Updated at 12:30 pm EST
JPMorgan Chase (JPM) - Get JPMorgan Chase & Co. Report posted stronger-than-expected fourth quarter earnings Friday, thanks in part to solid gains from investment banking fees and the release of reserves set aside during the peak of the Covid pandemic.
JPMorgan said earnings for the three months ending in December were pegged at $10.4 billion, or $3.33 per share, down 12.1% from the same period last year but well ahead of the Street consensus forecast of $3.01 per share. Removing the benefit of a $1.8 reserve release, as well as other one-off items, JPMorgan's first quarter profit was $2.86 per share.
Managed revenues, JPMorgan said, were essentially flat to last year at $30.3 billion, just ahead of analysts' estimates of a $29.9 billion tally, while net interest income rose 3% to $13.7 billion. Investment banking revenues rose 28% to $3.2 billion, JPMorgan said, markets and securities trading revenues fell 13% to $6.3 billion.
Looking into the coming year, the country's biggest bank said net interest income, a key measure of profitability, coming in at around $50 billion, down from the 2021 tally of around $52.5 billion and well shy of Street forecasts.
"The economy continues to do quite well despite headwinds related to the Omicron variant, inflation and supply chain bottlenecks," said CEO Jamie Dimon. "Credit continues to be healthy with exceptionally low net charge-offs, and we remain optimistic on U.S. economic growth as business sentiment is upbeat and consumers are benefiting from job and wage growth."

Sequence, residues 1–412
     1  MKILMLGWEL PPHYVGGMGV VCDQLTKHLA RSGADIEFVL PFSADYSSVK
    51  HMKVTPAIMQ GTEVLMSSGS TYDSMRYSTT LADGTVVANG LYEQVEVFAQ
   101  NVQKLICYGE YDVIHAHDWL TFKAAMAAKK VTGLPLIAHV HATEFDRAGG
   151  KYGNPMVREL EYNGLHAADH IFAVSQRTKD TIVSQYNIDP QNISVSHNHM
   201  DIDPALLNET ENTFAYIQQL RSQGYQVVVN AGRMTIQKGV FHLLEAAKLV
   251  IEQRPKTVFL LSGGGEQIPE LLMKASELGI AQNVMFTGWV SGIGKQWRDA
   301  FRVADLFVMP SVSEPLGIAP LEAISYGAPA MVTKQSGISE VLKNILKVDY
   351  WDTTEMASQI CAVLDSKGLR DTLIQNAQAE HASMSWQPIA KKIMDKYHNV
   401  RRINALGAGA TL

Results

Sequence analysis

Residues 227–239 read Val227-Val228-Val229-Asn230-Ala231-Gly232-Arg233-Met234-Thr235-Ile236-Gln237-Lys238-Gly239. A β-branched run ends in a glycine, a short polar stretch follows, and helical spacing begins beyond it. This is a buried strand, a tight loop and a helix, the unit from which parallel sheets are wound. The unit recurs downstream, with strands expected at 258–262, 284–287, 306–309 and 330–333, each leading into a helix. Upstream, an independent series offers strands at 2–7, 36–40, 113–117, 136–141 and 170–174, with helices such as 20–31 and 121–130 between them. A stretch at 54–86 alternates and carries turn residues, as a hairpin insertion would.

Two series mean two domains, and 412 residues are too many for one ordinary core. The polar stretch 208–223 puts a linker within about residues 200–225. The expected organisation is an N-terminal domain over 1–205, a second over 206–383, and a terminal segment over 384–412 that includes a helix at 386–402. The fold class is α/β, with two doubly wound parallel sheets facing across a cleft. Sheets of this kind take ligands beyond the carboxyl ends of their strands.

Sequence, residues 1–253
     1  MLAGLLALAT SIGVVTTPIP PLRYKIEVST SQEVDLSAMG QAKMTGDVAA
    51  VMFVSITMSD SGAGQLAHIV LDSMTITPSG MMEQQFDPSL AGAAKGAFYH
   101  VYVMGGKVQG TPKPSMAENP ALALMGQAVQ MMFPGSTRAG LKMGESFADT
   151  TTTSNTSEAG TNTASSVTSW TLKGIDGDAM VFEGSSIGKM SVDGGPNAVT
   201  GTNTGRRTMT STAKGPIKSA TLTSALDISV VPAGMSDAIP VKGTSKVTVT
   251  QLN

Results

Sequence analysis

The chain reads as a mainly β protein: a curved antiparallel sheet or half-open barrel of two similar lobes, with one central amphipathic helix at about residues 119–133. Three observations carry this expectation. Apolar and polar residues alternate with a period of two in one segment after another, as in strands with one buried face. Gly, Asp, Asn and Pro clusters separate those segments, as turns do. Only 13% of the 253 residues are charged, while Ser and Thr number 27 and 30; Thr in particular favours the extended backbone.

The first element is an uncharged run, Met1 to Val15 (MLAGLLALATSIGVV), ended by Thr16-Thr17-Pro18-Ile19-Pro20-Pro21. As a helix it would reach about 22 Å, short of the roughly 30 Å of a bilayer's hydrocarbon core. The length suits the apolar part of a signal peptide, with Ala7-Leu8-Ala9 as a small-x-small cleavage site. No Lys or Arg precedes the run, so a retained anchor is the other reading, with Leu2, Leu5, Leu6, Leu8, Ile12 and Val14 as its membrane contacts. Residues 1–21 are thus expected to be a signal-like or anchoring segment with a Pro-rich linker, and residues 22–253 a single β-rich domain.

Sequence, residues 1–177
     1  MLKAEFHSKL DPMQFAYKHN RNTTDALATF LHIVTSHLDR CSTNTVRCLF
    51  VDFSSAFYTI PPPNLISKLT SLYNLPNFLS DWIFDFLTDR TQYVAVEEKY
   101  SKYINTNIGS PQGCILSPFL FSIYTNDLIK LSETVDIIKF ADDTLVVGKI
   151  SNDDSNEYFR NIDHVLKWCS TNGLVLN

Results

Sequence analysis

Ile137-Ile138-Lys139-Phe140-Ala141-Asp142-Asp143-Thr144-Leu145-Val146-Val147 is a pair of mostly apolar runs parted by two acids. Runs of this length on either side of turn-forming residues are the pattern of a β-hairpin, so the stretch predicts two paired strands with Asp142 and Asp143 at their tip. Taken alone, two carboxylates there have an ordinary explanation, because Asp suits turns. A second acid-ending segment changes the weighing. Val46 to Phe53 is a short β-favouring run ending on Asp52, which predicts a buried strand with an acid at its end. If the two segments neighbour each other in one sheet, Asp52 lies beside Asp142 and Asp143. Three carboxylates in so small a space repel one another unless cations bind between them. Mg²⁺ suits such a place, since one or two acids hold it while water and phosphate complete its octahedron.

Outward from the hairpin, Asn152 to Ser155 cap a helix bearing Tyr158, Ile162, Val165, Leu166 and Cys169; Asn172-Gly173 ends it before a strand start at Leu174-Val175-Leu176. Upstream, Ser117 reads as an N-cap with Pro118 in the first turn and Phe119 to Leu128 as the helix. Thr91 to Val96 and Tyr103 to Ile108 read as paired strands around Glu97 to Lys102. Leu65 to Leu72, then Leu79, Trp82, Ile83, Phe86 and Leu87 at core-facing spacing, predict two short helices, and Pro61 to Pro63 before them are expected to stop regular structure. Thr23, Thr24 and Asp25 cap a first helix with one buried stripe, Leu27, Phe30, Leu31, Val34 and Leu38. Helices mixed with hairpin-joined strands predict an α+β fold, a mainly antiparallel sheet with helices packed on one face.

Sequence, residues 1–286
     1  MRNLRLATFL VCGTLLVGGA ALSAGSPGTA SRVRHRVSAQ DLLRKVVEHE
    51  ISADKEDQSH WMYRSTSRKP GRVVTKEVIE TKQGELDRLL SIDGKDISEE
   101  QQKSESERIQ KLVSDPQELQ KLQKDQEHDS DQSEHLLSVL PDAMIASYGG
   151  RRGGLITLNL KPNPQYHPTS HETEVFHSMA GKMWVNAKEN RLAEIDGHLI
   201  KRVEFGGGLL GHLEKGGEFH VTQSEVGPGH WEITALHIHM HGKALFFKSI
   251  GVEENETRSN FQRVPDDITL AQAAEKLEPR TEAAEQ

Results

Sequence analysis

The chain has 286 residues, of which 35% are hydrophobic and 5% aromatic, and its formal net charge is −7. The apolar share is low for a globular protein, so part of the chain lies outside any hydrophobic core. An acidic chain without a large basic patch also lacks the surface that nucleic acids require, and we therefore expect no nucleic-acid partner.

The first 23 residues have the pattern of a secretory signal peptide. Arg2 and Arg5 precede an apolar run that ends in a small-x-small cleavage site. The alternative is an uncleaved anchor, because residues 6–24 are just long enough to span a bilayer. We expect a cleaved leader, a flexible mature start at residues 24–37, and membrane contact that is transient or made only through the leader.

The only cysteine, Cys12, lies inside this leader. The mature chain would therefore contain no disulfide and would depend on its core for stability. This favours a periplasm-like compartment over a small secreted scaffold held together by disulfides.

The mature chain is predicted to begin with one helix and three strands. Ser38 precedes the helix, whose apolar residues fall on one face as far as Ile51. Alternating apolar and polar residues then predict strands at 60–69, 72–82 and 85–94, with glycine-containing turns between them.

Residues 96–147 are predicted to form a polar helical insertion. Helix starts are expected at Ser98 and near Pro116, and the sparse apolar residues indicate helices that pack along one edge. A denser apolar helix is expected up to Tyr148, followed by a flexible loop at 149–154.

“Global IB fees were up 37%, driven by both the Corporate & Investment Bank and Commercial Banking, due to unprecedented M&A activity, an active acquisition financing market and strong performance in IPOs," he added. "Markets revenue was down 11%, compared to a record fourth quarter last year, but up 7% versus the 2019 quarter driven by a strong performance in Equities."
JPMorgan shares were marked 5.8% lower in mid-day trading following the earnings release to change hands at $155.56 each
Global merger deals topped $5 trillion for the first time on record this year, an all-time high powered in part by SPAC deals, cheap capital and major corporate restructurings.
Dealogic, which compiles merger and acquisition data, said the value of global deals rose 63% from last year to $5.63 trillion, a fresh all-time high that eclipsed the 2007 record of $4.42 trillion.
Plans unveiled by General Electric (GE) - Get General Electric Company Report and Johnson & Johnson JNJ to split-up their companies played a big role in this year's record total, as did the surge in deals made with so-called special purpose acquisition companies, or SPACs, lead by Singapore-based Grab's $4.5 billion merger earlier this month.